Being a server is hard work. You have to be a master multi-tasker, an expert schmoozer, and maybe even a part-time mind-reader. Plus, you always have to bring your A-game; on-the-job performance has a huge effect on your tips.
But recently, a waitress from LA who goes online by Deirdre made a TikTok, telling her followers she discovered an unusual way that allows her to pocket more money. And it doesn’t involve any extra effort per se. Just a dash of deceit.
Image credits: ddeirdreee
“Okay, so I’m a server in Los Angeles, and I discovered a really cool hack today”
“If you’re a server you should definitely use it too. So basically, I work at a brunch spot. And there’s a lot of families and a lot of kids. And today I had these people come in. Their kids made a mess. ‘Oh my god, I’m so sorry.’ And for some reason, instead of saying my usual, ‘Oh, that’s okay. I’ll clean it up.’ I said, ‘That’s okay. I have little ones at home.'”
Image credits: ddeirdreee
“And we were talking and they left me such a good tip. And so I did that all day”
“And they were like, ‘Oh, my God, like, how old are your kids?’ And I was like, ‘two and four. And they’re really cute, but they’re right at that age, you know, they don’t understand that, like, you know, can’t be, you know, pouring stuff all over the place.’ And we were talking and they left me such a good tip. And so I did that all day. And my tips were so much higher than they usually are. For the record. I’m 22 and I do not have children. But I just told people that I had kids and they left me like, hella tips.”
Her video quickly went viral
@ddeirdreee doing what i can💯💸 #fyp #foryou #server #serviceindustry #waitress #losangeles #serverhack ♬ original sound – deirdre🕊
The exact sum of how much a server earns can vary greatly depending on the employee’s experience and the part of the country where they work since areas with wealthier customers are generally able to charge more for goods and services and are more likely to pay their staff more.
The Bureau of Labor Statistics (BLS) discovered that the bottom 10% of wait staff earned less than $8.59 per hour, while the top 10% could expect to earn more than $22.
Still, the BLS found that the mean annual wage of a waiter or waitress in 2021 was $29,010. This equates to $13.95 per hour on average. For comparison, the median income nationwide was $44,225. So it’s quite easy to understand what pushes servers to try such tactics.
And that’s what’s wrong with the system. When you think about it sociologically, when you earn a living at a restaurant, especially if you belong to the waiting staff, you’re essentially working for a different boss not just every day, but throughout the day.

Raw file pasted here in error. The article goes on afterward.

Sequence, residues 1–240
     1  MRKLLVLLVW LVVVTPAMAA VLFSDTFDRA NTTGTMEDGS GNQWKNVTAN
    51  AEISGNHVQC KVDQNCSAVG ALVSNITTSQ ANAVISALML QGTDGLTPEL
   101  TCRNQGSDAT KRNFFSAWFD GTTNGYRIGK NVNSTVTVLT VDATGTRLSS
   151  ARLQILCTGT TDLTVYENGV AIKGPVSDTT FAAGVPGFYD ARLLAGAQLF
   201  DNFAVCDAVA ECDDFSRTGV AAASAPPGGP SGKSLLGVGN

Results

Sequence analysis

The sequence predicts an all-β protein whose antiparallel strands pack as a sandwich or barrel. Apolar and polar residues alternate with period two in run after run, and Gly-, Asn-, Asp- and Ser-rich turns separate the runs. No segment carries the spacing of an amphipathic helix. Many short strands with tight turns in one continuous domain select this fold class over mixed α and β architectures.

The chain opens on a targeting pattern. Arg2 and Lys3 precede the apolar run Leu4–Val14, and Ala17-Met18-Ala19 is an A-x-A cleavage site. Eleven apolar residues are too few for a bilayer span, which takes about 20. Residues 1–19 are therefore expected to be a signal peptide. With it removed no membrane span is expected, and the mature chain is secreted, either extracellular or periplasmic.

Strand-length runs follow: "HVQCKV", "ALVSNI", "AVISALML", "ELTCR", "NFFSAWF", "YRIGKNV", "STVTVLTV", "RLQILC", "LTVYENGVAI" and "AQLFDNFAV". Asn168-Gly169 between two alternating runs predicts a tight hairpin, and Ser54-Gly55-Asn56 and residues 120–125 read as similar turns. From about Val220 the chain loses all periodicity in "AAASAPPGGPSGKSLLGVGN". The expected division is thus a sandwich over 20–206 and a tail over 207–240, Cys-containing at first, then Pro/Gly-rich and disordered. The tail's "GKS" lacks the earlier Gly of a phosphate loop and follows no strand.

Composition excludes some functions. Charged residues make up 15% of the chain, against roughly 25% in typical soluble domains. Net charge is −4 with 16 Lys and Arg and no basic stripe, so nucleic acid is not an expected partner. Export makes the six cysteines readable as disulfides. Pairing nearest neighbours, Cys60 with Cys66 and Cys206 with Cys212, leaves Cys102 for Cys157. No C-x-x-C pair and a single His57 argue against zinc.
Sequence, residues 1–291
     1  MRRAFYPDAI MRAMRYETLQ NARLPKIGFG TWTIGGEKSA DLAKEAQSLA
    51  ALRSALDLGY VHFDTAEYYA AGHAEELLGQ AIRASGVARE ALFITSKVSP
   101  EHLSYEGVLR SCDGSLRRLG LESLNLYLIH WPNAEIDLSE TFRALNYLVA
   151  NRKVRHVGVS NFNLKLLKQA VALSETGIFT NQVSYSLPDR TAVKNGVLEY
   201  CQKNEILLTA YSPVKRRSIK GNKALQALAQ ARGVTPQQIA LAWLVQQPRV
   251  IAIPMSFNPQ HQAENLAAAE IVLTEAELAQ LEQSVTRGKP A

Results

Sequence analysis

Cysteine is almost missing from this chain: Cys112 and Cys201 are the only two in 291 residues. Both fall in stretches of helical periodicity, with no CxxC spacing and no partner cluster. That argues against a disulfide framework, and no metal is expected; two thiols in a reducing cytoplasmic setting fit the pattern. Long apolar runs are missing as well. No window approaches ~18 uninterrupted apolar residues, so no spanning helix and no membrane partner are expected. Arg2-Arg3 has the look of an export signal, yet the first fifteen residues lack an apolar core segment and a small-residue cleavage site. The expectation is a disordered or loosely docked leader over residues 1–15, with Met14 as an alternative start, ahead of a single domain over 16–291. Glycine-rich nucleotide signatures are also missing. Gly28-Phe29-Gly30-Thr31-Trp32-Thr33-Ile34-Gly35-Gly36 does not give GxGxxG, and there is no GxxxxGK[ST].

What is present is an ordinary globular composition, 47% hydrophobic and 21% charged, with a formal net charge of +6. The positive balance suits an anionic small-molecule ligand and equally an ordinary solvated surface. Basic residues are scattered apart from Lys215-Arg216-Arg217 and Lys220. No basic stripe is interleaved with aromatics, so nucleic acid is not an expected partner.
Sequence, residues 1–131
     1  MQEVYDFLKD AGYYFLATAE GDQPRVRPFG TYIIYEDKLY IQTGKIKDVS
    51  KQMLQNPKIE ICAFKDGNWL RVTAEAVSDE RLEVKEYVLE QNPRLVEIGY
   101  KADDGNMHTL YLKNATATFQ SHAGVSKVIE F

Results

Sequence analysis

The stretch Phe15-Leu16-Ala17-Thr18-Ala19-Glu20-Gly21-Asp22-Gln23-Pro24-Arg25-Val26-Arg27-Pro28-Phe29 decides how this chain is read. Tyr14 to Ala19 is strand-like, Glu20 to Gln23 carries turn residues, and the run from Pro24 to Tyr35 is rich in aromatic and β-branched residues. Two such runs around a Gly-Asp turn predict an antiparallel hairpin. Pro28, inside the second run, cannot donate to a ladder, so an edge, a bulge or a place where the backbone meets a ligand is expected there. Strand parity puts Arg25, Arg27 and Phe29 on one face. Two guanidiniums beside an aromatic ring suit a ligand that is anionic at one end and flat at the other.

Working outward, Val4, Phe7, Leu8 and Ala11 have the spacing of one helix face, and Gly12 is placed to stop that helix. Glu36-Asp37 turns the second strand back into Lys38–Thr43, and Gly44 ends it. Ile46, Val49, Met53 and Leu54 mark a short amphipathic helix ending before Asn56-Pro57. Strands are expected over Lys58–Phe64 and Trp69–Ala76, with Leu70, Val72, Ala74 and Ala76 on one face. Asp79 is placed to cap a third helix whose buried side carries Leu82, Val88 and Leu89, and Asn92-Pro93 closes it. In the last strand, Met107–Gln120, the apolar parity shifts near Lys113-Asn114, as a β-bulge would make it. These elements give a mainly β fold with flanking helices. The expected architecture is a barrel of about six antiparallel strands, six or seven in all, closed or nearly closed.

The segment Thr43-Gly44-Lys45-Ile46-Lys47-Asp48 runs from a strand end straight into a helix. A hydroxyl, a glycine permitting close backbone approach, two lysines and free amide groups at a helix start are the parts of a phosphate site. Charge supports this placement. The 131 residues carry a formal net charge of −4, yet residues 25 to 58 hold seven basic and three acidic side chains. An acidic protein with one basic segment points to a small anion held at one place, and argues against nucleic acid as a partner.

Image credits: Wavebreakmedia (not the actual photo)
“You don’t actually work for the person you work for. And you know what? It’s bad for the employer, too,” Saru Jayaraman, who is the co-founder and co-director of the Restaurant Opportunities Center United (ROC United) and director of the Food Labor Research Center at the University of California, Berkeley, said.
“When you have a workforce that doesn’t work for you, and is firstly responsive to the consumer, that’s problematic. We hear from our partners all the time about how it leads to workers engaging in all kinds of non-malicious but less-than-ideal practices, like giving free drinks to people, and basically doing things that hurt the bottom line, because at the end of the day, they don’t really work for the employer, they work for the customer.”
Given how pervasive restaurant work is, especially for younger women, the problem is not only immediate. It also has broader, longer-lasting consequences. “It’s the reality for six million women in America,” Jayaraman added. “Six million women are tipped workers in America. But for millions more, this is the first job in high school, college, or graduate school, and that’s extremely troubling.”
“It completely skews the way in which they are taught what is acceptable and tolerable in the workplace. I have had women come to me to tell me they were sexually harassed in their corporate job, but that they didn’t do anything about it because it wasn’t nearly as bad as when they were working in the restaurant industry … So the industry is essentially setting the standard for what is tolerable in the workplace. And it’s setting a very low bar.”
Regardless of how you feel about Deirdre’s new “hack”, I hope we can agree that it’s a result of the very flawed industry, not personal personal malice.
And people had a lot to say about it
Some disagreed with the approach, though